Tropical South America is a key region on Earth, and the Amazon-Andean rainforest hosts over half of all terrestrial plant species. How this great biodiversity arose remains one of the foundational problems in modern science, and the question has spurred scientific research and debate since the pioneering work of Darwin and other naturalists of the 19th century. This project will obtain drill cores from the ancient sedimentary basins of the equatorial Amazon region of Brazil, an area that extends from the Andes to the Atlantic Ocean margin. This 'Trans-Amazon Drilling Project' will span most of the width of continental South America and its offshore shelf. Each drill hole is planned to reach about 2 km deep, recovering the approximately 70-million-year history of the region. A large international team of scientists will apply an array of methodologies to study these cores in order to document the changes in plant species across the Amazon basin throughout its geological history and to determine how the evolution of the physical environment (including climate variation, uplift of the Andes, and development of the Amazon River) shaped the generation and distribution of plant and animal diversity. Collaborations with Brazilian partners will provide relevant educational material on Amazon geologic and biotic history, including ongoing educational programs for primary and secondary students, museum exhibits on unraveling long-term history via drilling, and outreach to enhance public appreciation of how geologic history influenced the forest and its species, thereby stimulating greater interest in conservation of this invaluable resource.
The forests and associated biota of the Amazon-Andean rainforest have evolved together with the physical landscape, closely linking processes in Earth's interior with climate, surface landscapes, ecosystems, and biodiversity. This project will investigate the geologic and climatic evolution of the entire near-equatorial Amazon region of Brazil, from the Andean foreland to the Atlantic Ocean margin, and the impact of that history on biotic evolution at regional to global scales. Drilling will occur in ancient sedimentary basins aligned along the modern Amazon River in a transect of sites that span the entire near-equatorial Amazon region of Brazil, from the Andean foreland to the Atlantic Ocean. This transect will span 40 to 73 degrees W longitude, thus encircling nearly 10% of Earth's equatorial circumference. This project will address fundamental linkages between the geology and biology of the Amazon region, including: (1) the changes in plant diversity across the Amazon Basin throughout the Cenozoic history of the angiosperm-dominated megathermal forests; (2) the evolution of the physical environment, including climate, tectonism, and landscape change, and how this has shaped the distribution of neotropical plant diversity and the origins of its species; and (3) the origins of the Triassic-Jurassic Amazonian diabase sills and the global environmental impact of the Central Atlantic Magmatic Province (CAMP) intrusions, one of the most significant igneous events in Earth history. Drill cores from this project will be archived at a NSF-supported facility for future access by researchers.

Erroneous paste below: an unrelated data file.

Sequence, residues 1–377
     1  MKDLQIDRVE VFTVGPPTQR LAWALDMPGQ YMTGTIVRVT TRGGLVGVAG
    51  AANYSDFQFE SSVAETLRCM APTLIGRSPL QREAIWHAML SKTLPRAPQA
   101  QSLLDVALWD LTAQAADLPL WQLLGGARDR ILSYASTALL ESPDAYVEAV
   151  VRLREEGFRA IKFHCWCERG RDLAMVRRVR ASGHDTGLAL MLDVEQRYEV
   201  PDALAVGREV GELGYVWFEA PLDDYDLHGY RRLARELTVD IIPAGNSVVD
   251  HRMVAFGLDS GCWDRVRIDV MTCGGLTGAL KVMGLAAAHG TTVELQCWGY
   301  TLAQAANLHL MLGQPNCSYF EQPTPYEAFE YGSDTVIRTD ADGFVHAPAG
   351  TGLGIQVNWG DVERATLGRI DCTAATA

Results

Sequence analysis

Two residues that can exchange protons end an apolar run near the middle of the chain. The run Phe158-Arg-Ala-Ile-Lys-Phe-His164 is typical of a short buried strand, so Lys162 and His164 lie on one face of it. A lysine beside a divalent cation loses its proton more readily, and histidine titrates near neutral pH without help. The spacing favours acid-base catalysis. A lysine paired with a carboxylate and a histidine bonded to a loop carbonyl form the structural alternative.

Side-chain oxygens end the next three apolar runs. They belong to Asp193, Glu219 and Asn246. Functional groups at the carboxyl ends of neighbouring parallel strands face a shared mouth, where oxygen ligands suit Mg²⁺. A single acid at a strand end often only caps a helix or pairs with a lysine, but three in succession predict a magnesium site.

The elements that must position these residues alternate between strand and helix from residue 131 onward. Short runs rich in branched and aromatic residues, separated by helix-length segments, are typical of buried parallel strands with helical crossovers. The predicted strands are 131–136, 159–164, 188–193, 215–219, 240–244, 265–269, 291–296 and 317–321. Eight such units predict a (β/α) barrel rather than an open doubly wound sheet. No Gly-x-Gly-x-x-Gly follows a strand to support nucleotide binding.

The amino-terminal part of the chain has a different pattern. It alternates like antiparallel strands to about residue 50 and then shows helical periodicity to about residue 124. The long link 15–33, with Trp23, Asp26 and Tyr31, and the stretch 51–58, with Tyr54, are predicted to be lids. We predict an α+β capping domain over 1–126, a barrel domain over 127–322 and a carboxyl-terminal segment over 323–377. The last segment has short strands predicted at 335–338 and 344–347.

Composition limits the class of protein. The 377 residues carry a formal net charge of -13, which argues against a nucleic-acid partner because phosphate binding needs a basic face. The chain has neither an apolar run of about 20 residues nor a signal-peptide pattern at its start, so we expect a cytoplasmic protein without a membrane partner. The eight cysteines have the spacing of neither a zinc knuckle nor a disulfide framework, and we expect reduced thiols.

This award reflects NSF's statutory mission and has been deemed worthy of support through evaluation using the Foundation's intellectual merit and broader impacts review criteria.
|Effective start/end date||8/1/18 → 1/31/23|
- National Science Foundation: $125,885.00